Deducer’s installation is quite complex:

  1. If you haven’t already done so, install the Java JRE. If you’re on Windows, I recommend the Windows x64 64-bit version.
  2. Download and install R. You should only need to keep the 64-bit version there too.
  3. Start R as an administrator, and from within it install Deducer and its companion IDE, the Java GUI for R (JGR, pronounced “jaguar”) using:
  4. Start JGR by submitting the commands:
  5. Within the JGR Console, start Deducer by choosing “Packages & Data> Package Manager” and clicking the checkboxes labeled “loaded” and “default” in front of both “Deducer” and “Deducer Extras”, then close the box.
  6. If you wish to get publication-quality output, download and install DeducerRichOutput from here.
  7. Finally, if you wish to start Deducer by clicking an icon (instead of typing two R commands) download the JGR launcher from here. If you have problems with this working start over while paying particular attention to where the instructions say, “as administrator.”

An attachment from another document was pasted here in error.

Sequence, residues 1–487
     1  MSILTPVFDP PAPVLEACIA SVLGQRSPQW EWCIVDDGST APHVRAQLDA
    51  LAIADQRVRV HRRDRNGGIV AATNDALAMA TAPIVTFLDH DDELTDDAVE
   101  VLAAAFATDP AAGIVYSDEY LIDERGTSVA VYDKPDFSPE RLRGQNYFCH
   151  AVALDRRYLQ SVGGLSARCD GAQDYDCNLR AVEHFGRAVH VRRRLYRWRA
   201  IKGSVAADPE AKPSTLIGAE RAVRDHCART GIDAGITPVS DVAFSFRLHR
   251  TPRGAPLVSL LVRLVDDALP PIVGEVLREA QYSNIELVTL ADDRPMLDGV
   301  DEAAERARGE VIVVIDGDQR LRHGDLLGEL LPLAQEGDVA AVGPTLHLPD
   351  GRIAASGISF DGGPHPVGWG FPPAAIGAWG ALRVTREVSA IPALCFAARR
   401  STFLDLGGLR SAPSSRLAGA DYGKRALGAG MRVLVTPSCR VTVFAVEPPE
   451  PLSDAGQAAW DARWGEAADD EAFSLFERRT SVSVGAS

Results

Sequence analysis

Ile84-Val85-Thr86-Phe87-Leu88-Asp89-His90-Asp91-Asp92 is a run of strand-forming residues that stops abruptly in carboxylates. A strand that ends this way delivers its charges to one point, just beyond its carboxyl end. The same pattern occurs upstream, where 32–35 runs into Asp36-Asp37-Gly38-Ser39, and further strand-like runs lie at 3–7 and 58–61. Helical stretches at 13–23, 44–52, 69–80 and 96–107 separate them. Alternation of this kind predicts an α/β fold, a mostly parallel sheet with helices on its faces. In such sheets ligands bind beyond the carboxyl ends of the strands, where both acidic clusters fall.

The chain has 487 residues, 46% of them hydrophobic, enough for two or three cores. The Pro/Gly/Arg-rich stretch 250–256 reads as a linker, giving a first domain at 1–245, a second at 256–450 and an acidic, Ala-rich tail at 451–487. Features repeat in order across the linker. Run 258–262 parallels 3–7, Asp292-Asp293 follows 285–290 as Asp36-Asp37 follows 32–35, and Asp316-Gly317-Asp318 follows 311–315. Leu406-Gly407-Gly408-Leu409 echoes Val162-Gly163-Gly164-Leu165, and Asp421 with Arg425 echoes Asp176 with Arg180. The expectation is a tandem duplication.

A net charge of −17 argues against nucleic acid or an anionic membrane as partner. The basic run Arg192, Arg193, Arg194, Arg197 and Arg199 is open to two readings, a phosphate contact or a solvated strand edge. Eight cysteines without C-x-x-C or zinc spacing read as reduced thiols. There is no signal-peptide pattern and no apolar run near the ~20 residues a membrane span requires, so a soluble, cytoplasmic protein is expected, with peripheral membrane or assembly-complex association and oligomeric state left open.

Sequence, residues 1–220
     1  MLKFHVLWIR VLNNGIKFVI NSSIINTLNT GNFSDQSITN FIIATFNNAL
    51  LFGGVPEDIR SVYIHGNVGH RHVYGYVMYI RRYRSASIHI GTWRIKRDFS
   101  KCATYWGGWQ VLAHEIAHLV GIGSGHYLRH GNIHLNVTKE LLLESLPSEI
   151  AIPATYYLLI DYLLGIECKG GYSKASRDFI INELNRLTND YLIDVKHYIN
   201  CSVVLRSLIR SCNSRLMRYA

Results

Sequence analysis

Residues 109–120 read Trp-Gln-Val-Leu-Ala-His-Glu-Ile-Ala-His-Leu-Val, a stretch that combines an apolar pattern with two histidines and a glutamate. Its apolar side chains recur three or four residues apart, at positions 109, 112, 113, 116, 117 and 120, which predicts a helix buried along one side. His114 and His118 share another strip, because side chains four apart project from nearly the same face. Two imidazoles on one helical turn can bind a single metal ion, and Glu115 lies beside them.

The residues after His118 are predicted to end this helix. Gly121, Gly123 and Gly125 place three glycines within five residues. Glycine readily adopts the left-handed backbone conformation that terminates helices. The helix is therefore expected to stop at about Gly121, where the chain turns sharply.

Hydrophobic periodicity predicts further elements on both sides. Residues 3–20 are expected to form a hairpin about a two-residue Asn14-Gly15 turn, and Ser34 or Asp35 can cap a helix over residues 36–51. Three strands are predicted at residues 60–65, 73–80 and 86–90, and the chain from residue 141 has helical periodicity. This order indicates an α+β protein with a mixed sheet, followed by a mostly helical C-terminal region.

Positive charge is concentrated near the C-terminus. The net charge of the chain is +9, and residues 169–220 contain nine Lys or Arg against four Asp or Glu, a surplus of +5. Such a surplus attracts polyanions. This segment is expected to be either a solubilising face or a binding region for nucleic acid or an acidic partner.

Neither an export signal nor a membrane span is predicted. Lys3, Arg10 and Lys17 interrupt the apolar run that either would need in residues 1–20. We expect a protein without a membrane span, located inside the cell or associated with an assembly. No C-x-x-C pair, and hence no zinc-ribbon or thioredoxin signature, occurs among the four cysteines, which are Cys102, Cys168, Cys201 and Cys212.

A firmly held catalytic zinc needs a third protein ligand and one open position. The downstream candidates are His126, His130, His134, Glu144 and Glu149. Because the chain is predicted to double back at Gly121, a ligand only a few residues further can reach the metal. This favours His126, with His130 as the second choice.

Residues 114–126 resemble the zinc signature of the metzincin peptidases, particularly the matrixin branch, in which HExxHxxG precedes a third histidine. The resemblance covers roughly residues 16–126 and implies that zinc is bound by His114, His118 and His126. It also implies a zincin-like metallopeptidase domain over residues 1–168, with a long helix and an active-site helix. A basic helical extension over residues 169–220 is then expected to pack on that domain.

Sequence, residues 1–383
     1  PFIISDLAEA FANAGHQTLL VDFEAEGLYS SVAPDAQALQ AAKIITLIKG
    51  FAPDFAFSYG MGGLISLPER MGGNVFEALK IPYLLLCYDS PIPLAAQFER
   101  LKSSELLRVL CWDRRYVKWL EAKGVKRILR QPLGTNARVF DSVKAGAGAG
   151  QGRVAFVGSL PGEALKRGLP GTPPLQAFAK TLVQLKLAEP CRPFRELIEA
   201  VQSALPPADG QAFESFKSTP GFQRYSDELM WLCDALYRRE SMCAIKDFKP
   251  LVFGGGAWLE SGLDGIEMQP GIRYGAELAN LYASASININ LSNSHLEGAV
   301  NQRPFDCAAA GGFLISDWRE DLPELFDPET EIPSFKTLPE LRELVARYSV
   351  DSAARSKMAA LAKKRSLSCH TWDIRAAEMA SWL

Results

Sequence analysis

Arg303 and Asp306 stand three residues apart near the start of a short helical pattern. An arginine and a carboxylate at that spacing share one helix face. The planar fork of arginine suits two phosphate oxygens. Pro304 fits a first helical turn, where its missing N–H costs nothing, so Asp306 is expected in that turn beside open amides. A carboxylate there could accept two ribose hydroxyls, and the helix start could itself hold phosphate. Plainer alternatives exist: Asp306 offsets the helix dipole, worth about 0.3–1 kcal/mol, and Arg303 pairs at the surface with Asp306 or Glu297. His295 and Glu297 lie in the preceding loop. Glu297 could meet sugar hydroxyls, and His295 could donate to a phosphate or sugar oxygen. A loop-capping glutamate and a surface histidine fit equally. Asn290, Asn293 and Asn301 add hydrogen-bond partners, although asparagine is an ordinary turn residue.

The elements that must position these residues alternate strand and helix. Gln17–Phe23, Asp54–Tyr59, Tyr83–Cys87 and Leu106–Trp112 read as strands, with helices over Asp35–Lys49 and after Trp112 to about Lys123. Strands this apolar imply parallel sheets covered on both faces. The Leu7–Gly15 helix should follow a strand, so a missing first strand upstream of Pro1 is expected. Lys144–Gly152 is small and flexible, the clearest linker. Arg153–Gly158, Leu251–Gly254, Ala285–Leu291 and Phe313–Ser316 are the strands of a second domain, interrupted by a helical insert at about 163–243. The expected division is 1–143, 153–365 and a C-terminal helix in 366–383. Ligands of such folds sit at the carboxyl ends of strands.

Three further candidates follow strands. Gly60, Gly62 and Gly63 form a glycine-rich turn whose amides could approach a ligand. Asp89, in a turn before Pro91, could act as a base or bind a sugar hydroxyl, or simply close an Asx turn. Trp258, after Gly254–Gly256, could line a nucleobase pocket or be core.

If your goal is to point-and-click your way through analyses, you probably won’t care for that much complexity. However, if your goal is to learn how to program in R, following those steps will help you on your way. Some of those steps are tasks you must learn when programming R.


Plug-in Modules

When choosing a GUI, one of the most fundamental questions is: what can it do for you? What the initial software installation of each GUI gets you is covered in the Graphics, Analysis, and Modeling sections of this series of articles. Regardless of what comes built-in, it’s good to know how active the development community is. They contribute “plug-ins” which add new menus and dialog boxes to the GUI. This level of activity ranges from very low (e.g. RKWard) through moderate (e.g. jamovi) to very active (e.g. R Commander).